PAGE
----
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disingenuous

used in a sentence
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Definition insincere — especially when withholding knowledge and pretending to be sincere
  • Mr Elliot is evidently a disingenuous, artificial, worldly man, who has never had any better principle to guide him than selfishness.
    Jane Austen  --  Persuasion
  • It is disingenuous to call it an "Education" bill as it did nothing to aid education.
  • It's disingenuous to exaggerate her position and then prove the exaggerated position to be unreasonable.
  • It would be disingenuous to speak of mourning, but all the same, for a while the expression in Hans Castorp's eyes was more pensive than usual.
    Thomas Mann  --  The Magic Mountain
  • Still she was the first to speak; since Eau-douce could utter naught that would be disingenuous, or that would pain his friend.
    James Fenimore Cooper  --  The Pathfinder
  • This objection is disingenuous.
    Alexander Hamilton, James Madison, & John Jay  --  The Federalist Papers — Modern English Edition 2
  • I was still hugging the boy, so he couldn't see the disingenuous look on my youthful face.
    Bryan Stevenson  --  Just Mercy
  • Mr Elliot is evidently a disingenuous, artificial, worldly man, who has never had any better principle to guide him than selfishness.
    Jane Austen  --  Persuasion
  • Where before it would just be indulgent, undeserved, disingenuous emotion.
    Gillian Flynn  --  Gone Girl
  • These things, she felt, were not to be passed around like disingenuous party favors.
    Alice Sebold  --  The Lovely Bones
  • Disingenuousness and double dealing seemed to meet him at every turn.
    Jane Austen  --  Emma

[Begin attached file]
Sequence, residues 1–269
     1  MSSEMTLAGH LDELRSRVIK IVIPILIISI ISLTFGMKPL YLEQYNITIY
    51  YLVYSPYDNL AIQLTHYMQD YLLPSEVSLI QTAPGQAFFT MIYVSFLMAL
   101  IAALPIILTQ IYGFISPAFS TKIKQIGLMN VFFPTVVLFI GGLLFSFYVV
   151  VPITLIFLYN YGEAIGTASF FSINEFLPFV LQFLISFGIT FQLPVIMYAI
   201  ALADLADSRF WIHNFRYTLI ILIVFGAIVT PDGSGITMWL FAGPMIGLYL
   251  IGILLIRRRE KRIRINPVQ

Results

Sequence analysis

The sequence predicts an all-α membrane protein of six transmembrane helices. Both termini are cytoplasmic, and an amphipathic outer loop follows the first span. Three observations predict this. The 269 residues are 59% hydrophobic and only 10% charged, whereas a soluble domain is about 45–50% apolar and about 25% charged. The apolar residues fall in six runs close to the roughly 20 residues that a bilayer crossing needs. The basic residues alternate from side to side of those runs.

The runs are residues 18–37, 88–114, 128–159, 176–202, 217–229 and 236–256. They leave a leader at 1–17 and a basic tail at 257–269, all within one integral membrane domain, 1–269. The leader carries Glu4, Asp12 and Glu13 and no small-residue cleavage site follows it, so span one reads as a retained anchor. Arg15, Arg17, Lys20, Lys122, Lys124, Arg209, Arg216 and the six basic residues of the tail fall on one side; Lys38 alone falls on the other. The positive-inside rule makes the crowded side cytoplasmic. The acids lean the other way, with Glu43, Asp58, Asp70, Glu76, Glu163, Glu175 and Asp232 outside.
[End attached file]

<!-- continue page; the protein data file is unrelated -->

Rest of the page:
• (Editor's note:  The suffix "-ness" converts an adjective to a noun that means state or degree of. This is the same pattern you see in words like darkness, kindness, and coolness.)
  • CUSINS [disingenuously] Well—er—well, possibly, as a collector of religions— LOMAX [cunningly] Not as a drummer, though, you know.
    George Bernard Shaw  --  Major Barbara
  • Do not be disingenuous with me, Colonel Graff.
    Orson Scott Card  --  Ender's Game
  • But the phrase on the priest's lips was disingenuous for he knew that a priest should not speak lightly on that theme.
    James Joyce  --  A Portrait of the Artist as a Young Man
  • Dishonorable, disingenuous, and shameful.
    Khaled Hosseini  --  A Thousand Splendid Suns
  • The Major accused him of disingenuousness, and was roughly right, but only roughly.
    E.M. Forster  --  A Passage to India
  • (Editor's note:  The suffix "-ness" converts an adjective to a noun that means state or degree of. This is the same pattern you see in words like darkness, kindness, and coolness.)
  • Mae looked into his eyes for signs of disingenuousness, given there was no rational person who would have declined an invitation to work here.
    Dave Eggers  --  The Circle
  • (Editor's note:  The suffix "-ness" converts an adjective to a noun that means state or degree of. This is the same pattern you see in words like darkness, kindness, and coolness.)
  • Woman is perfidious and disingenuous.
    Victor Hugo  --  Les Miserables
  • The challenge of suppressing cheaters who performed their dastardly deeds so openly and disingenuously and with so much intellectual relish was immense.
    Pat Conroy  --  The Water is Wide
  • John Alexander was a splendid looking cadet, erect and arrogant, with an instinct for survival in the Corps that was as uncanny as it was disingenuous.
    Pat Conroy  --  The Lords of Discipline

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